Scotland’s economic performance is weaker than the rest of the UK with a lack of able candidates to fill tens of thousands of skilled job vacancies, a new report reveals.
Scots workers also face the lowest rates of career progression in the UK, the report by the IPPR think-tank finds. It is now calling for major reform of the country’s skills system as part of a drive to increase productivity and tackle in-work poverty.
Between 2010-2015 around 118,000 new jobs have been created, but recovery is weaker in Scotland than the UK as a whole.
Russell Gunson, Director of IPPR Scotland, said: “This report shows that while Scotland has seen a jobs recovery in recent years, there are real concerns looking ahead. Reform is required to make sure the skills system in Scotland is focused on the needs of learners and of Scotland’s economy.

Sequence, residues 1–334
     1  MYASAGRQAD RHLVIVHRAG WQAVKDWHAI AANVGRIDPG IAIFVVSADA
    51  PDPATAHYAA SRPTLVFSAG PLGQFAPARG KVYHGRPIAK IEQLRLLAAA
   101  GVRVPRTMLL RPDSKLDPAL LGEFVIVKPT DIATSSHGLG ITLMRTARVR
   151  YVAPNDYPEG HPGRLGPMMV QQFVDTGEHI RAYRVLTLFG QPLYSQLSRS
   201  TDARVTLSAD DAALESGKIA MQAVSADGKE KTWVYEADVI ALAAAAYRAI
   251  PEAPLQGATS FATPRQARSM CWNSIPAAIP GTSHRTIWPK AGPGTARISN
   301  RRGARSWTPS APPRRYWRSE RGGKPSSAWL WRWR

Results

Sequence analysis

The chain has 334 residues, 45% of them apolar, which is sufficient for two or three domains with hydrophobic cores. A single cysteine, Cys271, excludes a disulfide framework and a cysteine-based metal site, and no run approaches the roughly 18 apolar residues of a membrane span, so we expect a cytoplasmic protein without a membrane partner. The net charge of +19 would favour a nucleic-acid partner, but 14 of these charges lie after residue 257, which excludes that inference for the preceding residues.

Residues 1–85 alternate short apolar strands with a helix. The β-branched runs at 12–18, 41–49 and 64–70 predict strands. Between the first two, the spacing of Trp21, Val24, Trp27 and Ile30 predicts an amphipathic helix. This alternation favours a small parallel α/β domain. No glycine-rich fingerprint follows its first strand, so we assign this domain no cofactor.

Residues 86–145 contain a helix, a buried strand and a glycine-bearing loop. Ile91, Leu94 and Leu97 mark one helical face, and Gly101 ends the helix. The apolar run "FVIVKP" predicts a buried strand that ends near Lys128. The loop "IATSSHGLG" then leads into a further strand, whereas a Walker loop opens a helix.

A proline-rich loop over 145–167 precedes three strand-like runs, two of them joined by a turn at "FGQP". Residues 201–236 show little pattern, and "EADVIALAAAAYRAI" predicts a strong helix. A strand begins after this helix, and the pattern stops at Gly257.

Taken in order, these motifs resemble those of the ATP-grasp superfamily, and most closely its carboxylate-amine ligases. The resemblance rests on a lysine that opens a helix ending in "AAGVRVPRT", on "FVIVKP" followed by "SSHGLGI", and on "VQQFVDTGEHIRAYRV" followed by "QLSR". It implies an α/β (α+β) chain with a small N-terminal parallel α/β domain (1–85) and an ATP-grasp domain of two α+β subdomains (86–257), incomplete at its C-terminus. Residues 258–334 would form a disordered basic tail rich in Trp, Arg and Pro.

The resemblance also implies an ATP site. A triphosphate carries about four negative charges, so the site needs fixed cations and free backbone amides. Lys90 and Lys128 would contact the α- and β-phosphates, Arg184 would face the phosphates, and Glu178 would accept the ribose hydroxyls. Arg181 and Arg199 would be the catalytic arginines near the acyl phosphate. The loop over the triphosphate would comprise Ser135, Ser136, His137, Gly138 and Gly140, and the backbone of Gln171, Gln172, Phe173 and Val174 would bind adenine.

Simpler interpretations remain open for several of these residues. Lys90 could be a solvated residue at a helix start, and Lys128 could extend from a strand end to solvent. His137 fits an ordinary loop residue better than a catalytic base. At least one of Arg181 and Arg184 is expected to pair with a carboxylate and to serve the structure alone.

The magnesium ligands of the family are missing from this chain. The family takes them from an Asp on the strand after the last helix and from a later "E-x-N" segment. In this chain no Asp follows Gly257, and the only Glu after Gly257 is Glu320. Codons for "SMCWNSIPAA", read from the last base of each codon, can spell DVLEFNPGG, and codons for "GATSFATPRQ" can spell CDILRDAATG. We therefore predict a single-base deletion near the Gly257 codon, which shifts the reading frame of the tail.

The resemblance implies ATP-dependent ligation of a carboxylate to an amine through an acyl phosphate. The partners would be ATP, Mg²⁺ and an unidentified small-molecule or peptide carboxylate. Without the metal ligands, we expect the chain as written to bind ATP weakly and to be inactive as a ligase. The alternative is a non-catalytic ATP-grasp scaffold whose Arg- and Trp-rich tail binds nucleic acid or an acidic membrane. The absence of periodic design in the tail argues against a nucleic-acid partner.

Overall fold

“It’s clear that Scotland needs to be more ambitious than aiming to match the UK economy. When UK pay has been falling in real-terms and productivity has stalled, we need to do more than catch up with the UK, as welcome as that is, we need to go beyond that.”
Scotland’s skills system does not adequately focus on employers’ demand, with an estimated 29,000 more entry-level vacancies at mid-skill level than there are people qualified to do them, according to the report published in partnership with JPMorgan Chase’s New Skills at Work programme.
New jobs in Scotland have been in lower-skill sectors than the sectors that have lost jobs over this time. The number of jobs in Scotland’s key financial and insurance services sector contracted by 9.6 per cent between 2010 and 2015.
Youth employment has been, and remains, consistently higher in Scotland than UK as a whole – 56.2 per cent youth employment rate in Scotland versus 53.5 per cent in the UK.
Mr Gunson added: “The skills system in Scotland needs to better show how it contributes to improving rates progression, productivity and in-work poverty.
“It’s not good enough that if you are currently in a low-skilled job in Scotland, you are more likely to stay in low-skilled employment than in most of the rest of the UK, and many other countries in Europe.”